keywords = "Attention, FMRI, Presence, Virtual Reality",
author = "Sungkil Lee and Jeonghyun Kim and Janghan Lee",
year = "2004",
month = "12",
day = "1",
language = "English",
pages = "73--80",
editor = "R. Lau and G. Baciu",
booktitle = "Proceedings of the ACM Symposium on Virtual Reality Software and Technology, VRST",

}

TY - GEN

T1 - Observing effects of attention on presence with fMRI

AU - Lee, Sungkil

AU - Kim, Jeonghyun

AU - Lee, Janghan

PY - 2004/12/1

Y1 - 2004/12/1

N2 - Presence is one of the goals of many virtual reality systems. Historically, in the context of virtual reality, the concept of presence has been associated much with spatial perception (bottom up process) as its informal definition of "feeling of being there" suggests. However, recent studies in presence have challenged this view and attempted to widen the concept to include psychological immersion, thus linking more high level elements (processed in a top down fashion) to presence such as story and plots, flow, attention and focus, identification with the characters, emotion, etc. In this paper, we experimentally studied the relationship between two content elements, each representing the two axis of the presence dichotomy, perceptual cues for spatial presence and sustained attention for (psychological) immersion. Our belief was that spatial perception or presence and a top down processed concept such as voluntary attention have only a very weak relationship, thus our experimental hypothesis was that sustained attention would positively affect spatial presence in a virtual environment with impoverished perceptual cues, but have no effect in an environment rich in them. In order to confirm the existence of the sustained attention in the experiment, fMRI of the subjects were taken and analyzed as well. The experimental results showed that that attention had no effect on spatial presence, even in the environment with impoverished spatial cues.

AB - Presence is one of the goals of many virtual reality systems. Historically, in the context of virtual reality, the concept of presence has been associated much with spatial perception (bottom up process) as its informal definition of "feeling of being there" suggests. However, recent studies in presence have challenged this view and attempted to widen the concept to include psychological immersion, thus linking more high level elements (processed in a top down fashion) to presence such as story and plots, flow, attention and focus, identification with the characters, emotion, etc. In this paper, we experimentally studied the relationship between two content elements, each representing the two axis of the presence dichotomy, perceptual cues for spatial presence and sustained attention for (psychological) immersion. Our belief was that spatial perception or presence and a top down processed concept such as voluntary attention have only a very weak relationship, thus our experimental hypothesis was that sustained attention would positively affect spatial presence in a virtual environment with impoverished perceptual cues, but have no effect in an environment rich in them. In order to confirm the existence of the sustained attention in the experiment, fMRI of the subjects were taken and analyzed as well. The experimental results showed that that attention had no effect on spatial presence, even in the environment with impoverished spatial cues.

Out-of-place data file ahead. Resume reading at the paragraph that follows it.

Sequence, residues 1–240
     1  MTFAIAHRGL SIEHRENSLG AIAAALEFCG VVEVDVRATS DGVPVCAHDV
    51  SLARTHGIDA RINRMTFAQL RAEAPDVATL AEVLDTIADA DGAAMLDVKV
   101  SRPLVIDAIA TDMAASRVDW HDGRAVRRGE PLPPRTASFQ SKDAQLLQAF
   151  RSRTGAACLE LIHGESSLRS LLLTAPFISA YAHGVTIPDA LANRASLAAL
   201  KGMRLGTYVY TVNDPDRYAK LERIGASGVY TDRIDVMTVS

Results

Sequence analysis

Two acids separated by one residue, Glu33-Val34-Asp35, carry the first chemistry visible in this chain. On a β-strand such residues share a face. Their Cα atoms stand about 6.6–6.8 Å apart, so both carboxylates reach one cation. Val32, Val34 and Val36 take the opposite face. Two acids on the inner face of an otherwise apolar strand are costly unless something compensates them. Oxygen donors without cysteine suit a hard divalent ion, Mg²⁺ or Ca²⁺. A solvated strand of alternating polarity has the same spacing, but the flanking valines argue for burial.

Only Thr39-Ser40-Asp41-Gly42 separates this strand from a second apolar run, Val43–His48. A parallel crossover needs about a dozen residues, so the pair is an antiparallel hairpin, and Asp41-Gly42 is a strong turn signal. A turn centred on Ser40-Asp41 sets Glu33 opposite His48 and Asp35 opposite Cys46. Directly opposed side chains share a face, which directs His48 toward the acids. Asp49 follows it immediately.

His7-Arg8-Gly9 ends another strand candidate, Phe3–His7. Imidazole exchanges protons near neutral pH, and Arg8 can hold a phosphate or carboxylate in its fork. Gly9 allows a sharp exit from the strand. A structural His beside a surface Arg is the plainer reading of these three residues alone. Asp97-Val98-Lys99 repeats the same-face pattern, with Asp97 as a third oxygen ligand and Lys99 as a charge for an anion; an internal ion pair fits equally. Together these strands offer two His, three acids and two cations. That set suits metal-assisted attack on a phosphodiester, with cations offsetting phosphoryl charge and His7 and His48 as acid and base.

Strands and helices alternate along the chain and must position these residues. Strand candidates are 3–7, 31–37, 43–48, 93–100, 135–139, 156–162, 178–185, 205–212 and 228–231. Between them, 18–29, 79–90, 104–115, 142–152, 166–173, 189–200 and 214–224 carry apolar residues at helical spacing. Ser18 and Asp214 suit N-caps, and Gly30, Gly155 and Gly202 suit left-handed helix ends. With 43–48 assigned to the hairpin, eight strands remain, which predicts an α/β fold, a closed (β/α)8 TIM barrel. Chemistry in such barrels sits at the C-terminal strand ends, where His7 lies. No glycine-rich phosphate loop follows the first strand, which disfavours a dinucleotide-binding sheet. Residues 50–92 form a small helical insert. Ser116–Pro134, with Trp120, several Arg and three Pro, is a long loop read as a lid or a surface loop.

KW - Attention

KW - FMRI

KW - Presence

KW - Virtual Reality

UR - http://www.scopus.com/inward/record.url?scp=21644460969&partnerID=8YFLogxK

UR - http://www.scopus.com/inward/citedby.url?scp=21644460969&partnerID=8YFLogxK

M3 - Conference contribution

AN - SCOPUS:21644460969

SP - 73

EP - 80

BT - Proceedings of the ACM Symposium on Virtual Reality Software and Technology, VRST

A2 - Lau, R.

A2 - Baciu, G.

ER -